If you want to make a difference and help others while learning about sexual health and keeping yourself safe, then you need to join SMART Youth! You can come to any of our events around the city or come to one of our movie nights or Open Mic events. Check out our schedule to learn what we are doing or e-mail

Monday, November 12, 2012

SMART Youth Answers: One for the Team!

I'm considering getting an IUD (Inter-uterine Device), what can I expect from the procedure?

Well congrats on taking the time to research your birth control options and taking control of your vagina!
I hope our blog about Birth Control Methods helped you out, or will help you out if you find yourself still weighing the Pros and Cons of an IUD by the end of this blog.

So let's get to it, the break down of the IUD insertion process.

1. Talk to your GYN. He/She will be the one performing the procedure. If you have not given birth yet, then you will have to get the IUD inserted while on your period. This is necessary because the cervix is wider during menstruation, which will make insertion of the IUD past the cervix and onto the vaginal wall easier.
Yes, this is kind of awkward... and a few more awkward things will happen before insertion:
-The GYN will feel your cervix with their finger.
-You will get a pap smear. This is a swab of the cervix that will test for any abnormal cells before the process. This doesn't hurt... but it is uncomfortable, especially if you're not expecting a Q-Tip to rub around inside your vagina and on your cervix...

2. When you're ready for insertion:
-You will lay flat on your back, with your legs up in stir-ups.
-Relax. Take a deep breath. Sing a song in your head. Pretend you're anywhere but at the doctor's office getting something placed into your uterus.
Being tense adds tension to your muscles, which means your vagina will tense as well, making sliding the IUD up to the cervix a little difficult for the GYN.
So, whatever you have to do to relax, hold someone's hand, ask to play music; then get it done.
-The GYN will then slide the IUD (attached to a long metal-tweezer like object) into the vagina, and then push it past the cervix, where finally they will attach it to the uterine wall.
This will feel like eternity because of the discomfort but really it is almost 5-10 minutes.
Doctors will say it feels like cramps times 10, an uncomfortable pinch.
I don't want to scare you, but I'll keep it real. It was not cramps times 10 for me, nor a pinch.
The only way I can describe it is like kitty claws on the inside of my vagina.
Depending on your pain tolerance, who knows. It doesn't last long though. It really is a new sensation and pain in an area that doesn't necessarily get discomfort like that, so it is hard for the mind to comprehend the whole insertion moment.
But just like that, it's done.
-The GYN will remove the metal object after insertion. You will take your moments to regain your composure, and then you can sit up and gets yourself together.

3. You cannot have intercourse or insert any objects into your vagina for up to two weeks after insertion.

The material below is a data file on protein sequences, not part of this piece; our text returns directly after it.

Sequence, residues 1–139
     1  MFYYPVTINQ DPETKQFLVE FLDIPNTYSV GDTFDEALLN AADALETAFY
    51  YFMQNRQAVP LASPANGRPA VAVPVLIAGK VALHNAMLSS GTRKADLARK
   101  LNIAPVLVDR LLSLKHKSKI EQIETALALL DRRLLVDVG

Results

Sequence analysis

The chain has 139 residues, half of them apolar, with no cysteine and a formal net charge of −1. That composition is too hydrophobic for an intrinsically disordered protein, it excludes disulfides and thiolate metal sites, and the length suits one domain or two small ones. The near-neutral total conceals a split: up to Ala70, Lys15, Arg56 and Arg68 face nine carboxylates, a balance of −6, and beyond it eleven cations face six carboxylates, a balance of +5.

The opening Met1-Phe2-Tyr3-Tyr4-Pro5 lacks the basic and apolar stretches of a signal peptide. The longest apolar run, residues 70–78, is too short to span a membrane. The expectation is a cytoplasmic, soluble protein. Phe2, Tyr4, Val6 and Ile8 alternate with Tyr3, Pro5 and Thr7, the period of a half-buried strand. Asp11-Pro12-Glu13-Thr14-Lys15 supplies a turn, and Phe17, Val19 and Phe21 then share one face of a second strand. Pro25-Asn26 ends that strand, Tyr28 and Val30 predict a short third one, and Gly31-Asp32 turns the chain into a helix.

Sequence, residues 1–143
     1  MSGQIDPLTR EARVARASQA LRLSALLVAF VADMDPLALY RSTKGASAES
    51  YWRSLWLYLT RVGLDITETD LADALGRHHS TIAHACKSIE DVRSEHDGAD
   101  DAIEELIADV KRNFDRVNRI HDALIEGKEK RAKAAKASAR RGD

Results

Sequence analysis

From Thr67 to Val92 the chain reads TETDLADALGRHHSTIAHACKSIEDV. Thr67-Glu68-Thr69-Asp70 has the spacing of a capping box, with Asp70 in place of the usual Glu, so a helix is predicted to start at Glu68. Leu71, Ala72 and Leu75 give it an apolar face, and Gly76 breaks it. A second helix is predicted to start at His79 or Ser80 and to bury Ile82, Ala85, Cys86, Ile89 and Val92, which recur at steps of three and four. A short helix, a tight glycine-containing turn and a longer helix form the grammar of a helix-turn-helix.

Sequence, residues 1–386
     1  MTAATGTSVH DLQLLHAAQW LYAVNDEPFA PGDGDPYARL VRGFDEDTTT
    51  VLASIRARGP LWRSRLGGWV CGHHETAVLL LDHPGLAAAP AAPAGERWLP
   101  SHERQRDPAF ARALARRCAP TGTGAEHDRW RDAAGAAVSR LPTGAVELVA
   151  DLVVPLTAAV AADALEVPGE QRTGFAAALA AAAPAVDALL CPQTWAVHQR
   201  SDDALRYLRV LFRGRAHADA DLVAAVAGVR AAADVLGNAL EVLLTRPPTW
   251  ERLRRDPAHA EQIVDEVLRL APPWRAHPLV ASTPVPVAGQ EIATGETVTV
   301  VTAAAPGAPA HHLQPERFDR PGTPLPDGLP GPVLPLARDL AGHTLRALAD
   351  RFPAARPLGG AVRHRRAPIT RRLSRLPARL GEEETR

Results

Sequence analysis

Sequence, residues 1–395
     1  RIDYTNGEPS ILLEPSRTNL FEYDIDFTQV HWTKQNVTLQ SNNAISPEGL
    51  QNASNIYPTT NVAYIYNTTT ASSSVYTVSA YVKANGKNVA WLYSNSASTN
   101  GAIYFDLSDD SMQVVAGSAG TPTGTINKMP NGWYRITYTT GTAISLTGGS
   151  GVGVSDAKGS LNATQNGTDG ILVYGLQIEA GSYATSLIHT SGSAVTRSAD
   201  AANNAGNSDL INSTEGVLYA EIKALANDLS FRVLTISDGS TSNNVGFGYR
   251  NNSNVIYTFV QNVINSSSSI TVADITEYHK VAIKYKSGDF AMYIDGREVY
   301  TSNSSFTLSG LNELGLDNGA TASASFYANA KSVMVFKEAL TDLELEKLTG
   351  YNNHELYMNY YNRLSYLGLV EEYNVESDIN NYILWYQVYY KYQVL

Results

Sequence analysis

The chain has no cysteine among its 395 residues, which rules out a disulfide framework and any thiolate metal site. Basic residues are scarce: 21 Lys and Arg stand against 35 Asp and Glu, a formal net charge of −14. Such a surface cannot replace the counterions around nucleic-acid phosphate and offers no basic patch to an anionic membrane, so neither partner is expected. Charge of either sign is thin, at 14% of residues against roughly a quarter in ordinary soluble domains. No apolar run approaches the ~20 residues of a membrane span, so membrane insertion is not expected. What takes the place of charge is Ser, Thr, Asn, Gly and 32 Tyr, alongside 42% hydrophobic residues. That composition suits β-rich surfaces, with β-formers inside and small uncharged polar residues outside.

4. You will have major cramps for the rest of your period. Taking a pain reliever is best. The cramps are the uterus's way of trying to deal with a "foreign object", if the contractions get too harsh the uterus can actually expel the IUD- thus making the experience useless.
So take what you need to (and follow prescription instructions) in order to dull the pain.

Now, depending on whether your got a hormonal (Mirena, 5 years) or non-hormonal (Paragard, 10 years) IUD, the next few months will look a little different.

With any hormonal birth control, the effects on your menstruation cycle change, as well as your hormones during certain times. Your body will need to adjust to these changes and it may take around 3 months (or more) for your body to get back on track.

With the non-hormonal, your body is just adjusting to the new object that has just been placed in your uterus. It may just take around 3 months for your uterus to regulate menstruation again, but you are not dealing with any change in hormones. The IUD may even change the cycle of your menstruation, making it longer or shorter, increase in blood flow, and/or come somewhere in the range of 24-28 days.

Either way, it is good to start keeping track of your menstruation cycle after insertion. It will help you figure out what is "normal" for you again.

It is also important to check to see if the strings leading down past the cervix are at a normal length (4 cm) every month. You just relax, slide your finger into your vagina and feel up to your cervix. NO PULLING. You are just feeling the strings out.

AND remember your ANNUAL GYN appointment!
(You will have a follow-up appointment with your GYN after insertion around 2 weeks after.)

Still Considering It?

Great! Now that you have all the information here is where you should start considering the Pros and Cons.

-Both are long term birth control plans, without regimens. The hormonal lasts up to 5 years and the copper is up to 10 years. They can be taken out beforehand, of course, whenever you decide you want to plan a family.
-Insertion is not comfortable.
-Insertion is a quick process.
-Can change your menstrual cycle and increase blood flow as well as cramps during menstruation.
-There is no protection against any Sexually Transmitted Infections or HIV.
-No intercourse for two weeks after insertion.
-Foreign object within the uterus.

You can take all these points and decide for yourself whether or not an IUD is for you.

For more information you can check this site: IUD

Good luck! Stay Safe! And Take Charge!

No comments: